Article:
The cast of the Guthrie Theater’s The Parchman Hour. Photo by Dan Norman.
The Guthrie Theater’s production of The Parchman Hour is a socially significant play detailing the outrageously brutal treatment of the Freedom Riders in 1961 as they rode in integrated Greyhound buses through the deep South. Patrick McGregor directs Mike Riley’s play which powerfully portrays this chapter of in our history and infusing it with fresh renditions of slave spirituals and folk songs.
The setting of the story is Mississippi at the beginning of the civil rights era. The Freedom Riders, young people determined to challenge Jim Crow segregation, need protection from angry mobs that threaten them with violence at every southern bus station at which they stop. Attorney General Bobby Kennedy, weighing personal concerns about the next Presidential election, refuses to call in federal troops to protect the riders. Instead, Kennedy effectively betrays them by reaching a deal with local police to have the riders arrested – ostensibly for their own safety –but then transported to the notorious Parchman prison where they were held for at least a month, enduring brutality and the possibility of being killed.
The story of the horrors the riders faced during their stay at Parchman is told through a satirical demonstration presented every night in hallways and prison cells as they continued their protest. They sang songs and imitated TV variety comedy shows to tell the tales of beatings and other abuse. Among the better known historical personalities in the group are James Farmer, who at that time was President of the Congress for Racial Equality (CORE) and is known as one of the Big Six of the 1960s Civil Rights Movement. As the Farmer character explains in the play, he did not originally plan to ride to Mississippi but when Martin Luther King declined to go with the riders, he became a hero because he was “cornered” by the riders who were counting on him. John Lewis, who is currently a senior member of Congress but in the 1960s was the leader of the Student Non-Violent Coordinating Committee (SNCC), was another of the Big Six civil rights leaders at that prison. Showing that old habits die hard, Lewis recently led a sit down protest in Congress this past June over gun control. The final well known rider at Parchman was Stokely Carmichael who went on to succeed Lewis as President of SNCC and later became involved with the Blank Panthers and the Pan African movement.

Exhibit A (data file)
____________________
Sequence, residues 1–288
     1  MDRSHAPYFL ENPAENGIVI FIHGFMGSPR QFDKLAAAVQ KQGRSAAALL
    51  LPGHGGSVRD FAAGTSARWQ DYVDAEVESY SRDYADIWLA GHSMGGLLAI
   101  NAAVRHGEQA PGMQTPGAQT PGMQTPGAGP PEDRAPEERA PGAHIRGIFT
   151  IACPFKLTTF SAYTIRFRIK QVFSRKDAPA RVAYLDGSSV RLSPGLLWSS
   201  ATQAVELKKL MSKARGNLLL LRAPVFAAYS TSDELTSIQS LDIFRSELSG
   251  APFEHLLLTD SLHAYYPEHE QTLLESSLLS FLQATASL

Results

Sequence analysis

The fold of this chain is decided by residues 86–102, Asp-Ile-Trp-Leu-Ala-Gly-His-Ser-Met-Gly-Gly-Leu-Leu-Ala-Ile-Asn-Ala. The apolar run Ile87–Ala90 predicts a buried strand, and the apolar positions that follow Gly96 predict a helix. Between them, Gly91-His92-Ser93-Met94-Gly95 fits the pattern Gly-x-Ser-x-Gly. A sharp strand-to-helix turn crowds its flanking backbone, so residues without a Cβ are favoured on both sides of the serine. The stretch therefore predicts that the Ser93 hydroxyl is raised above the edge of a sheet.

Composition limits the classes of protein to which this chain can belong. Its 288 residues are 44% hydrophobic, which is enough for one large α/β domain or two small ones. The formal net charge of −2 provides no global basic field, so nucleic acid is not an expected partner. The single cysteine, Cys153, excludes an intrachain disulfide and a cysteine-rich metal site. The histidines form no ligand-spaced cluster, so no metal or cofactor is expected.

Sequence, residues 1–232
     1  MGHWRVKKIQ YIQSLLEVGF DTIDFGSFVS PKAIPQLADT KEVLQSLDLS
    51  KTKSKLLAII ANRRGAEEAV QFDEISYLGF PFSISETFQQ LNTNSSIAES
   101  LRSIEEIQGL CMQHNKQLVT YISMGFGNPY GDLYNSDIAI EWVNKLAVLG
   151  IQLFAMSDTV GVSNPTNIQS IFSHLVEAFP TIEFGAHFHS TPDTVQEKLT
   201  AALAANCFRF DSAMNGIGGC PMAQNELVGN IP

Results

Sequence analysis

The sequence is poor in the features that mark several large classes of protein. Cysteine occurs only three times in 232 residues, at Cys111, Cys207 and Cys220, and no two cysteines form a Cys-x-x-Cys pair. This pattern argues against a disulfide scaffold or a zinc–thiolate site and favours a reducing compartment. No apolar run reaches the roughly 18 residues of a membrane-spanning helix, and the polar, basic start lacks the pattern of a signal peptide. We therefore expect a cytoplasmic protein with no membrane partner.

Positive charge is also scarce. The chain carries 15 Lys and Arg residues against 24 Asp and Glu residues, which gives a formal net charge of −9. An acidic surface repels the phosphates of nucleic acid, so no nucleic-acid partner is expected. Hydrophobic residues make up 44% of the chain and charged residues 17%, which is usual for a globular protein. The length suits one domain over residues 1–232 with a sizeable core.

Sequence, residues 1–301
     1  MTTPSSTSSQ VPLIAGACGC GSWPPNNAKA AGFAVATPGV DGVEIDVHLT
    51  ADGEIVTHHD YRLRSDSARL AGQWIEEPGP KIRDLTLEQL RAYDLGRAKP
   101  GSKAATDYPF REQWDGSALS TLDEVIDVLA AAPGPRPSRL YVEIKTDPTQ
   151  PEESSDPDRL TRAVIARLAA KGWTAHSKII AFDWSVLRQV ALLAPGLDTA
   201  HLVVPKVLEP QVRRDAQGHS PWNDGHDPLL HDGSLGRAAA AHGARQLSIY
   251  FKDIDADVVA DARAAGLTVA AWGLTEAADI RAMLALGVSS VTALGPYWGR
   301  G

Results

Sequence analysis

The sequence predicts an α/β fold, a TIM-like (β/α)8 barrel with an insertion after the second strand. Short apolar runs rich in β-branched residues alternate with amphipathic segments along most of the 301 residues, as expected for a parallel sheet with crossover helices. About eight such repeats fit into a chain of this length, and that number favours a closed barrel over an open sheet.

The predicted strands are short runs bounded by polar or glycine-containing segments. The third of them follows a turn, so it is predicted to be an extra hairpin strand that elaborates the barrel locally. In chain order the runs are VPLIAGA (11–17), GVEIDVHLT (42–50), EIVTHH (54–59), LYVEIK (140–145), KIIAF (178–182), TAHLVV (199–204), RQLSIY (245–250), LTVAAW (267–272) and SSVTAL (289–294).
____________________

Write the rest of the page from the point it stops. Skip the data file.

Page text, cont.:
Some of the best dialogue in the show is the philosophical discourse between Lewis (Jared Joseph) and Carmichael (Kory LaQuess Pullam). Lewis embraces the non-violent protest strategies of both Dr. King and Gandhi, while Carmichael espouses beliefs more align with Malcolm X. Farmer (Kevin R. Free) often interjects to referee the disagreements.
Much of the play’s material can be found in the third episode of the PBS documentary series Eye on the Prize, entitled “Ain’t Scared of Your Jails (1960-1961).” But the variety show aspect of the play infuses these events with satire and music raising the storytelling to a greater level. The jazz rendition of the folk song “If I had a Hammer” is extremely powerful and is the best rendition of that folk standard that I have ever heard. Noble Prize winner Bob Dylan’s protest song “The Times They are a-Changin’” is turned into a ballad which soars at the end of the show.
Director McGregor has assembled a very talented ensemble with each actor taking on various roles including roles of different genders and races. Zonya Love’s spirituals are amazing each time she sings. Other performers including Cat Brindisi and Stephen Conrad Moore also provide some touching musical moments in the play.
Scenic Designer Clint Ramos has provided a stark white two level stage which works well for projecting the names and images of the real riders. Lighting Designer Jiyoun Chang masterfully segues from stiff institutional lighting to a more intimate stage lighting when necessary.
The show does run a little too long, approximately two hours and twenty minutes with intermission. Trimming about 15 minutes from the show would help keep it more focused. But the production shows a part of our history that is both shameful and hopeful. It is one of those plays that should be seen by all.
The Parchman Hour plays through November 6 at the Guthrie Theater’s McGuire Proscenium Stage.
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